You are currently viewing Twitter loses intermediary status, named in FIR over Ghaziabad incident- Technology News, FP

Twitter loses intermediary status, named in FIR over Ghaziabad incident- Technology News, FP

Twitter has lost its “safe harbour” immunity in India over its failure to appoint statutory officers, as required by the government’s new IT rules. This means Twitter and its top executives will now be liable for all the content on its platform that is considered unlawful or ‘inflammatory’ in nature.

“The company had been given extra time to comply with the guidelines, but it has failed to fall in line with the new IT Rules despite our repeated indulgence, including an extension. With this, Twitter has lost its safe harbour protection, and now stands exposed to action under the IPC for any third-party unlawful content,” TOI reported a government source saying.

We reached out to Twitter and were told that it has appointed an interim Chief Compliance Officer in India and that the details of it will soon be shared with the IT ministry.

“We are keeping the MeitY apprised of the progress at every step of the process. An interim Chief Compliance Officer has been retained and details will be shared with the Ministry directly soon. Twitter continues to make every effort to comply with the new Guidelines,” a Twitter spokesperson said.

Twitter was sent a final notice by the IT Ministry on 5 June.

Twitter was sent a final notice by the IT Ministry on 5 June.

What does losing the intermediary status mean for Twitter?

Without the protection of Section 79 of the IT Act, Twitter will now be liable for any “third party information, data, or communication link made available or hosted by him”. In essence, it could be held criminally responsible for content on the platform. For the end-user, as of now, Twitter losing the legal shield, will have no effect.

In fact, after an elderly Muslim was reportedly beaten up in a town in Uttar Pradesh’s Ghaziabad district on 5 June and the video of the abuse went viral on Twitter, an FIR was filed on 15 June against nine accused, including “Twitter Inc” and “Twitter Communications India Pvt”. Tweets around the incident indicated that the victim was forced to chant “Jai Shree Ram” by the attackers, a claim that was later denied by the Ghaziabad Police.

After losing intermediary status, Twitter is now liable for what has been termed “inflammatory” tweets. Twitter has been accused in an FIR of not removing “misleading” content linked to the incident. Twitter and several journalists have been charged for inciting “communal sentiments” with posts sharing the man’s allegations.

Why has intermediary status been taken away from Twitter?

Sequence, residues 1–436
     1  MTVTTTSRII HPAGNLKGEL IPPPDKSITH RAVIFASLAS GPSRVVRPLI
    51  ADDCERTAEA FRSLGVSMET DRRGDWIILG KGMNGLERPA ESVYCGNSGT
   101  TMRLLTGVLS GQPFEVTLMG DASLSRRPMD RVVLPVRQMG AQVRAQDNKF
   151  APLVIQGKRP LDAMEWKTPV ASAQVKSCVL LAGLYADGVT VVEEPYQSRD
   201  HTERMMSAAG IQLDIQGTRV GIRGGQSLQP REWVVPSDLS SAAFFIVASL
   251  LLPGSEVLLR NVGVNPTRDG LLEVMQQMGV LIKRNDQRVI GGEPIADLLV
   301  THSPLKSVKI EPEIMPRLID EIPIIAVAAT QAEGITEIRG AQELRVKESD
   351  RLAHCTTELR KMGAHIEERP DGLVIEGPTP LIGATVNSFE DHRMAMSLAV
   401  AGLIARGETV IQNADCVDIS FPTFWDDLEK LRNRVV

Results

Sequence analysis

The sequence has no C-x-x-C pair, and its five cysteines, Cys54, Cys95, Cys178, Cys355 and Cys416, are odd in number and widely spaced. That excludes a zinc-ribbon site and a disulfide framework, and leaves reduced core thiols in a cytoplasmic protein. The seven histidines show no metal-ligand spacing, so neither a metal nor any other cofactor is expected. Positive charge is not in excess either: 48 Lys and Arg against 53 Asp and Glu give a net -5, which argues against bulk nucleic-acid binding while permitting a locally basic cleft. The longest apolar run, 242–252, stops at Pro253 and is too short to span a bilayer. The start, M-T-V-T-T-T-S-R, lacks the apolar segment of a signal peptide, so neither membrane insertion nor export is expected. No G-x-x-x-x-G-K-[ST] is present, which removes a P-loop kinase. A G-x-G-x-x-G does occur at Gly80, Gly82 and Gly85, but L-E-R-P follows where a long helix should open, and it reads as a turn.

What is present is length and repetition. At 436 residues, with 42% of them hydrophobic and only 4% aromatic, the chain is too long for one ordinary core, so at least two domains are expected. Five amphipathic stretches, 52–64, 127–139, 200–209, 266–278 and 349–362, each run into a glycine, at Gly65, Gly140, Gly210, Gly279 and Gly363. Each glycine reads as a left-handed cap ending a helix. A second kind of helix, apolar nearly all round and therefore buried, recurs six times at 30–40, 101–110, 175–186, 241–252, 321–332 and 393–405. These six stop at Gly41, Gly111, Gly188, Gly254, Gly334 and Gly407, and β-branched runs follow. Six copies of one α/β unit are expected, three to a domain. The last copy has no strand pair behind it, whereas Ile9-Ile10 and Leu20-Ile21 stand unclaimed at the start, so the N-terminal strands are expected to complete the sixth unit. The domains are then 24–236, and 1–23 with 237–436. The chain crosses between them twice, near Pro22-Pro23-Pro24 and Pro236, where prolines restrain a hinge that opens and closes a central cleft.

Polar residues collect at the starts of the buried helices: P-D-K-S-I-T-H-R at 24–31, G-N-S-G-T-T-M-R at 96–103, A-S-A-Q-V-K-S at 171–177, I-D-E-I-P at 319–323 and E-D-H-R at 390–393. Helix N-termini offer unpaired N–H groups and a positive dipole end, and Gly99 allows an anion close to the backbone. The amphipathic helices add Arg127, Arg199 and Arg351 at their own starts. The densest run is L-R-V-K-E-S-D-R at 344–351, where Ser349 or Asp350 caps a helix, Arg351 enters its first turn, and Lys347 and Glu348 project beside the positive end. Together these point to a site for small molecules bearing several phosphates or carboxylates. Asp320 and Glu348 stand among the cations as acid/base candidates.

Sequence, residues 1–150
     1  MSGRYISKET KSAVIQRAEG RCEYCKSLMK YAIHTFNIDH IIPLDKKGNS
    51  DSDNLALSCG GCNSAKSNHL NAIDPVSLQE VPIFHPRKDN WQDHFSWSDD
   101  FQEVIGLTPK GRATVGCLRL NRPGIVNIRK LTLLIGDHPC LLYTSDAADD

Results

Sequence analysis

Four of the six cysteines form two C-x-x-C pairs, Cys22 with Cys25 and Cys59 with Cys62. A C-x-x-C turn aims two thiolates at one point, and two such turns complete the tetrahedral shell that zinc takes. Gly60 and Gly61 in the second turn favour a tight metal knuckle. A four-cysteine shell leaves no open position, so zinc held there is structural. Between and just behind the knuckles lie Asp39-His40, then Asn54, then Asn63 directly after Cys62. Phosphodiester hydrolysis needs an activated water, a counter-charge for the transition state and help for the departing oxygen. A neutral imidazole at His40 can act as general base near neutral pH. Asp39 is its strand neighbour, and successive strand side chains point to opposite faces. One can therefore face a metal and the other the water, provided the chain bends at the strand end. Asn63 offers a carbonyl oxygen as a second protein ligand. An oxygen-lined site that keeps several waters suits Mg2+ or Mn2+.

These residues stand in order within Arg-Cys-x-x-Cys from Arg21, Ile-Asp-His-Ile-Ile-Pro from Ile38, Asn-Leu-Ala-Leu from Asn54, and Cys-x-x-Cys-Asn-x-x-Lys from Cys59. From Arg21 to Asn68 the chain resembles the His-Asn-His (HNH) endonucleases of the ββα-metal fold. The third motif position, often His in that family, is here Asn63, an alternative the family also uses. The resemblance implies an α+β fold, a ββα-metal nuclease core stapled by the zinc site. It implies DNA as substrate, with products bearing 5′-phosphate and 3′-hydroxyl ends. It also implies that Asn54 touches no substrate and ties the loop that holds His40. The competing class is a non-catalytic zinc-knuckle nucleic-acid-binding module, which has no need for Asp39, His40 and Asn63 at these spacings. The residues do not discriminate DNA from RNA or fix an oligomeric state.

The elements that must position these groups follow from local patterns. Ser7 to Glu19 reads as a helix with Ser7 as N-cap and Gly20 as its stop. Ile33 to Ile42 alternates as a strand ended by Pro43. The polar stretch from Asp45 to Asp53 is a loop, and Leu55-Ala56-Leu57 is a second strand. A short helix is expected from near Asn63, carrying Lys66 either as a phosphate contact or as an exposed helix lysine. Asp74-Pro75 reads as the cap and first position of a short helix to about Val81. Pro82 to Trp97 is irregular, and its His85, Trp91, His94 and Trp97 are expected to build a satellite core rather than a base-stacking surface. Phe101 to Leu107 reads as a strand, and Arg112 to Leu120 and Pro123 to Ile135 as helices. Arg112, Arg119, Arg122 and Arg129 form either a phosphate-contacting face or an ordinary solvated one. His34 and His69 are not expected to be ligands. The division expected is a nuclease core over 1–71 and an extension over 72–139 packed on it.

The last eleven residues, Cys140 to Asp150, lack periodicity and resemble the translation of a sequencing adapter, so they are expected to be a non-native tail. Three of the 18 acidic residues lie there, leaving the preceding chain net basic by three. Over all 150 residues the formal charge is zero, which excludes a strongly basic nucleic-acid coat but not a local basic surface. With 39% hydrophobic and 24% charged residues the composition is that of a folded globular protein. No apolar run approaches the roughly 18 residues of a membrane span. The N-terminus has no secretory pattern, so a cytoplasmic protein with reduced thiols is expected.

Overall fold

With the new IT rules coming into effect, social media companies in India originally had till 25 May to comply with the new rules. The new guidelines require social media platforms to establish a grievance redressal mechanism and name a grievance officer, who must register a grievance within 24 hours and redress it in 15 days.

However, most platforms failed to comply with the rules, citing COVID-19 lockdowns and restrictions.

On 5 June, the centre issued the “final notice” to Twitter asking it to comply with the statutory provisions or risk losing its intermediary status.

Days later, Twitter approached the government seeking more time to comply with the new IT rules. Twitter said that it intends to comply with the rules but needs more time due to the pandemic situation in India.

“The government believes that whoever has not yet complied with the guidelines has lost the intermediary status. For Twitter now, any and all penal action that is applicable under the Indian Penal Code will be applicable,” Indian Express reported a source saying.

With this, Twitter has become the first American platform to lose the protection of Sector 79 of the IT act, hence, losing its intermediary status in India.

How have other social media platforms like Google, YouTube and Facebook escaped this?

Other social media platforms like Instagram, WhatsApp, and Facebook continue to enjoy the immunity of a social media intermediary in India. And this immunity comes from compliance.

By May-end, Google, Facebook and WhatsApp had submitted details of new compliance officers to the IT ministry, according to a report by HT.

On 1 June, WhatsApp named Paresh B Lal as its grievance officer for India.

On 8 June, Facebook named Spoorthi Priya as its grievance officer for India on its website.

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